2016: The Year in Cotton Demand
BY JODY CAMPICHE
From Cotton Grower Magazine – December 2016
In the current 2016 marketing year, U.S. producers planted 10.1 million acres of cotton, based on USDA’s National Agricultural Statistics Service’s October 2016 estimates – which was 18% more than last year. Acreage was greater in all the Cotton Belt regions except the Southeast, which showed a slight decline.
As the 2016 U.S. cotton harvest progressed, USDA estimated a crop of 16 million bales, 24% more than in 2015. Upland production was seen reaching 15.5 million bales, with Pima production forecast at 562,000 bales.
World production for 2016 is projected to be almost 103 million bales, which is 6.0 million bales more than last year. The United States is responsible for the largest production increase, at 3.0 million bales higher than last year. Australian production is projected to be 1.0 million bales higher than in 2015. Pakistan’s crop is expected to be 1.25 million bales higher in 2016. Production in Brazil is expected to increase by 600,000 bales in 2016, while Turkey is projected to increase production by 550,000 bales. India’s crop is expected to be 100,000 bales more than last year, while China’s production is estimated to decline by 1.0 million bales.
For the second consecutive year, world consumption is expected to exceed production in 2016. USDA is projecting a slight increase of less than 1% in world mill use to 112 million bales for 2016 due to increased consumption in China, Bangladesh, Vietnam and Turkey. U.S. textile mills are expected to consume 3.5 million bales, 50,000 bales more than in 2015.
Although world consumption has expanded for the past five years, cotton demand continues to struggle due to increased competition from lower priced man-made fibers.
The United States will remain the largest exporter of cotton with 2016 shipments estimated at 12 million bales, 31% more than last year and the largest forecast in four years. To reach the 12 million bale estimate, the U.S. market share is projected to increase from 26% in 2015/16 to 34% in 2016/17, which represents the largest market share since the 2010/11 crop year. While projections call for a rather large increase as compared to 2015/16, export sales as of mid-October were 40% greater than this time last year. U.S. exports also are benefitting from lower projected 2016/17 exports for India, which is the second largest cotton exporter.
In the last five years, the international markets for U.S. cotton have changed considerably. From 2002 until 2014, China held the spot as the largest importer of U.S. cotton. For the past two crop years, China has significantly reduced raw cotton fiber imports, while increasing yarn imports. However, for the first few months of the 2016 marketing year, Chinese imports of U.S. cotton were significantly higher than this time last year.
Vietnam has continued to increase imports of U.S. cotton over the past five years and was the largest customer in the 2015 marketing year. Turkey, Indonesia and Mexico have remained important export customers as well. In 2016/17, exports to Pakistan and India have increased and already have surpassed exports to those countries in the 2015/16 marketing year.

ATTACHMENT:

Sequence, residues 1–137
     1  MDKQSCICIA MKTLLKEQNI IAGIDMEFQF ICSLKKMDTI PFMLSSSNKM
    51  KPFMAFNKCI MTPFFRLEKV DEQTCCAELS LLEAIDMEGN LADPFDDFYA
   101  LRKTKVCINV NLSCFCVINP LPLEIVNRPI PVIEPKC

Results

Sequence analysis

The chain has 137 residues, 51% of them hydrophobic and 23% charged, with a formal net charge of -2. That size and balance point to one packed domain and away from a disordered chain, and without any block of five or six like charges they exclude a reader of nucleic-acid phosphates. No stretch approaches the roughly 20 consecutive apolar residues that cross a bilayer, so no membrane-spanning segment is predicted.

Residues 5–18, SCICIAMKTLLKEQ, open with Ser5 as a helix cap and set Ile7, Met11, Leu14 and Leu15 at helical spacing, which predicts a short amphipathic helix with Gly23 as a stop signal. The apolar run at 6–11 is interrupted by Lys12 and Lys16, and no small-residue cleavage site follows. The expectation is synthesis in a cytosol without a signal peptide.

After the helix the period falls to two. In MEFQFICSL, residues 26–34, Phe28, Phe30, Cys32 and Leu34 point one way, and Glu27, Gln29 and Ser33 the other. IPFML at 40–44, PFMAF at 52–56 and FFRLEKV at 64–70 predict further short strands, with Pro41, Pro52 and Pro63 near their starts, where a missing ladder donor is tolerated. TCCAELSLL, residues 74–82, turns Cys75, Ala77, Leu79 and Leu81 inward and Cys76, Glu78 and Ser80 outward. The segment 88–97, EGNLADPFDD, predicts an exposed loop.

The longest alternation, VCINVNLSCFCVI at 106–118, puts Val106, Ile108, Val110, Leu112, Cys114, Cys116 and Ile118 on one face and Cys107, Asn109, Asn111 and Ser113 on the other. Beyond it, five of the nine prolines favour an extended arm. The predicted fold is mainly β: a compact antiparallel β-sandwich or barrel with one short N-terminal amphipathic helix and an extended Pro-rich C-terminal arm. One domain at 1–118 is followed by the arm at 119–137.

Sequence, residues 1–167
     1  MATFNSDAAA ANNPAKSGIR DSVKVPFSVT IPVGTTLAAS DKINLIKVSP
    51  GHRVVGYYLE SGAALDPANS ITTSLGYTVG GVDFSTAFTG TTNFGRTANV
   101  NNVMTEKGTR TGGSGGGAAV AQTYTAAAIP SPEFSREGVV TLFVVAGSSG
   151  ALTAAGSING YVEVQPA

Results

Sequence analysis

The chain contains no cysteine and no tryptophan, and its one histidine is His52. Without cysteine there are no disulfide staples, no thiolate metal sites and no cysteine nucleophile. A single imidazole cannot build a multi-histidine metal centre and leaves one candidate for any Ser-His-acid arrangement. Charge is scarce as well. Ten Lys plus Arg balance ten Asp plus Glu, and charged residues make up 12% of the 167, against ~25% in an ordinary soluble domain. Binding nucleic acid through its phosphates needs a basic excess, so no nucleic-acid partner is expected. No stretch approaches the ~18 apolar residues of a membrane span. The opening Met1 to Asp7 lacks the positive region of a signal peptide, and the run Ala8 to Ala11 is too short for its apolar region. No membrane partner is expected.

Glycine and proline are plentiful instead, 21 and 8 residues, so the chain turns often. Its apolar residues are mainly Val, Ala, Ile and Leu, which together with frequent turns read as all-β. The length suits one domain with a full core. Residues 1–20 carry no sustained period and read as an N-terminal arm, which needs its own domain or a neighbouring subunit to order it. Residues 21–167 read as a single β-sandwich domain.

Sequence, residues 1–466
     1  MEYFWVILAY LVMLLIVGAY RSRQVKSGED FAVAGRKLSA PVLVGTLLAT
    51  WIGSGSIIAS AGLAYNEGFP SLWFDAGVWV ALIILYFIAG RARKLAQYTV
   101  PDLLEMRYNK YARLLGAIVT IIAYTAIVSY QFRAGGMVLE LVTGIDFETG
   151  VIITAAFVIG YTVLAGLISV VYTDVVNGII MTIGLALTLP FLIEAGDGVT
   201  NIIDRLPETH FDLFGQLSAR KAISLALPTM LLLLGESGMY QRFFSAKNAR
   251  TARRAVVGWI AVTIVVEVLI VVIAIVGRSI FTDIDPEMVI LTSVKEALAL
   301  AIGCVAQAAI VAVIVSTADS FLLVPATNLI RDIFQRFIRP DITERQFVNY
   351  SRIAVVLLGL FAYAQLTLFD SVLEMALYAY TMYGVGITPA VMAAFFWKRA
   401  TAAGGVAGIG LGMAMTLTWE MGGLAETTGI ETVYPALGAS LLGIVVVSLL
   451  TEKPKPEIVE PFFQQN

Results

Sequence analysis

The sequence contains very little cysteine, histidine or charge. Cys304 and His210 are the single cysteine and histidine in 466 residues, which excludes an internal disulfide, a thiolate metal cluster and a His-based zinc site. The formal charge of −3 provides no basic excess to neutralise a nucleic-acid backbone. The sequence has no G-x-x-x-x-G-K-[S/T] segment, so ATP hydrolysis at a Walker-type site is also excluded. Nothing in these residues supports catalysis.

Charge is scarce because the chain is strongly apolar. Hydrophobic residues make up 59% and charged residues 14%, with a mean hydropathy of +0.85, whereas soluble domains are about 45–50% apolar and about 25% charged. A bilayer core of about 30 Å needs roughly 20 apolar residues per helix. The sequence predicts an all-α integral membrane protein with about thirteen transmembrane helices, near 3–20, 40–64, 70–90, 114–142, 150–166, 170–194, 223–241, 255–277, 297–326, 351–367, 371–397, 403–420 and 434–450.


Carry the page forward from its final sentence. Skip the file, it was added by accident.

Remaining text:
Over the past five years, Turkey has been our second largest customer, accounting for about 15% of U.S. cotton exports. However, the demand for U.S. cotton by Turkey has been affected by the implementation of a 3% import duty on U.S. cotton following the conclusion of the Turkey anti-dumping investigation against the U.S. cotton industry. The first few months of data for the 2016/17 marketing year reveals a reduction in the U.S. market share for Turkish cotton imports.
Looking ahead, China’s policies will continue to have a large influence on the world cotton market. Although China continues to hold almost 50 million bales in government reserves, China’s recent auctions led to a significant reduction. From May-September 2016, China sold almost 12 million bales during the reserve auctions. China will continue to auction off government reserves from March-August each year until the reserves reach a “reasonable” level. It is still unknown as to the level of stocks considered “reasonable” by the Chinese government.
China remains the largest textile manufacturer in the world and recently announced plans to significantly expand the textile industry in the Xinjiang region over the next 8-10 years. The area planted to cotton in China has been declining for the past five years, including a further 8% reduction in 2016/17. China’s 2016/17 cotton acreage is 48% less than in 2008. While China has been reducing acreage in the lower-yielding eastern provinces, acreage in Xinjiang has been relatively stable over the past few years. However, an expansion in China’s textile industry, coupled with lower cotton production and reserves, should lead to an increase in demand for imported cotton in the next few years.
While an expansion in China’s textile industry could be a source of increased demand for U.S. cotton, increased competition from synthetic fibers should not be underestimated. As a result of lower-priced synthetic fibers, cotton’s share of world fiber consumption continues to decline. With world polyester producers operating at just 71% of capacity and with prices in China – the largest polyester producer – below 50 cents per pound, the detrimental impacts of synthetic fibers are felt by all participants in the global cotton market.
Campiche is Vice President, Economics & Policy Analysis, National Cotton Council of America